Opposition deflects blame on furor over tax codeA day after the ruling Saenuri Party and the Ministry of Strategy and Finance agreed to revise controversial changes made in 2013 to the tax code and apply retroactive changes as early as May to reduce the weight on tax payers, the main opposition New Politics Alliance for Democracy (NPAD) was quick to cast blame.
NPAD Rep. Moon Hee-sang, who serves as the party’s interim chairman, stepped up an attack against the government Thursday by demanding that President Park Geun-hye issue a public apology for the unexpected tax increases and that Finance Minister Choi Kyung-hwan be held accountable for the confusion.
The National Tax Service opened its year-end tax settlement service online on Jan. 15, when many middle-class employees discovered that their usual tax refund wouldn’t be coming this year. Others are being forced to pay additional taxes beyond what was withheld from their paychecks.
Those results are the outcome of an amendment to the tax bill the National Assembly passed 245 to six at the end of 2013 that was first applied to income taxes for 2014.
Under a proposed agreement made in an emergency meeting Wednesday between the Saenuri and the Finance Ministry, the National Assembly will again amend the tax law in April to reduce the tax burden. Refunds for some tax payers will be made to their savings accounts as early as May.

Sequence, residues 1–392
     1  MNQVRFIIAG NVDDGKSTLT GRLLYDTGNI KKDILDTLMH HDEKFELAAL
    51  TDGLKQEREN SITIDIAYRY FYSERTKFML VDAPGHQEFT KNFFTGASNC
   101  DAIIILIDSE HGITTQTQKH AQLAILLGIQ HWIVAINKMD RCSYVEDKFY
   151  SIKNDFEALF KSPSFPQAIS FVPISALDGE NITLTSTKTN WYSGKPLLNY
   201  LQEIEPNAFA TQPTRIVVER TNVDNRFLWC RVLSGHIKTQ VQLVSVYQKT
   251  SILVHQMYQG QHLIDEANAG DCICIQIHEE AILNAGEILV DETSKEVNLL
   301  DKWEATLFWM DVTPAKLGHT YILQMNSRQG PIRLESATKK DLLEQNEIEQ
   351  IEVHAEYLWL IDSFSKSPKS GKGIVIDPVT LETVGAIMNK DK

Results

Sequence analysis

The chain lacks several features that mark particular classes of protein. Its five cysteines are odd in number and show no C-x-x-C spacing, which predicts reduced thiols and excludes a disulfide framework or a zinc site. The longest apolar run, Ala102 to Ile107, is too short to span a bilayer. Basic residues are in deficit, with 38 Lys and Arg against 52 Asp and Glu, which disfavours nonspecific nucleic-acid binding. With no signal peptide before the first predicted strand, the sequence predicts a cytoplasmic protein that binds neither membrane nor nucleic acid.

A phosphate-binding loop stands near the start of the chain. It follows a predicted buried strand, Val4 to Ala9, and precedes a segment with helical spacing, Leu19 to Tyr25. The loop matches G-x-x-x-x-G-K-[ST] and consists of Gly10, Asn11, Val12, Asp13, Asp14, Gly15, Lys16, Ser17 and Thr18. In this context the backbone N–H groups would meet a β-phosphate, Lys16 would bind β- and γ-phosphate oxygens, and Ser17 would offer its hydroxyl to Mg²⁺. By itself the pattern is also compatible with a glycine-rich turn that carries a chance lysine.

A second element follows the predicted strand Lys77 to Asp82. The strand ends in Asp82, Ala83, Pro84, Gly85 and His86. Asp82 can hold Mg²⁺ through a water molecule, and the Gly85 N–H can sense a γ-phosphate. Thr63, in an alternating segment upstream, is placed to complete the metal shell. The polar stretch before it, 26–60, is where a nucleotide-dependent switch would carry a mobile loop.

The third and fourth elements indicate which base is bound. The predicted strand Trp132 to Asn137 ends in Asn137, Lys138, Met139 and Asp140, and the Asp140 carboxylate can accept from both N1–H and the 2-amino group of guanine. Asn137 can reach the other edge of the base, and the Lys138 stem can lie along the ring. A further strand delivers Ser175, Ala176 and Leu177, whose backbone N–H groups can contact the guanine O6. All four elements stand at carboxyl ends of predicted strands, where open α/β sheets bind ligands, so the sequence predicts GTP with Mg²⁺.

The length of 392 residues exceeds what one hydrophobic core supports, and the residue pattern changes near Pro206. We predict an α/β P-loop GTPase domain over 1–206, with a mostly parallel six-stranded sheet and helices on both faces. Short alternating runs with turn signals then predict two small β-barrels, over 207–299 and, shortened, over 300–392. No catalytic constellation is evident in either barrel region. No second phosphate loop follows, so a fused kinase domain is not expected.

The amendment to the tax bill would restore or expand tax credit categories to relieve the overall tax increase.
For instance, salary earners with one child or more will see their tax credit rates rise, which would raise the likelihood for additional refunds compared to now.
Tax credit rates on pension savings insurance, to qualify for a tax refund of 4 million won ($3,680), would also increase from 12 percent to 15 percent.
However, Chung Hee-soo, head of the National Assembly’s Strategy and Finance Committee, expressed concerns that the deal between the Blue House and the Saenuri Party to apply the revised tax law retroactively could trigger yet another conflict.
“I understand the circumstances that forced [them] to agree on the decision,” he said, “but it goes against principle and it could further complicate the dispute over equality.”
“The retroactive application of a law could tear down the foundation of constitutionalism. Once a law is legislated, we should abide by it first. Should any problem occur, it should be addressed later,” Chung continued.
He added that he would convene a standing committee in early February and conduct a question-and-answer session with Finance Minister Choi Kyung-hwan.
BY SEO JI-EUN [firstname.lastname@example.org]
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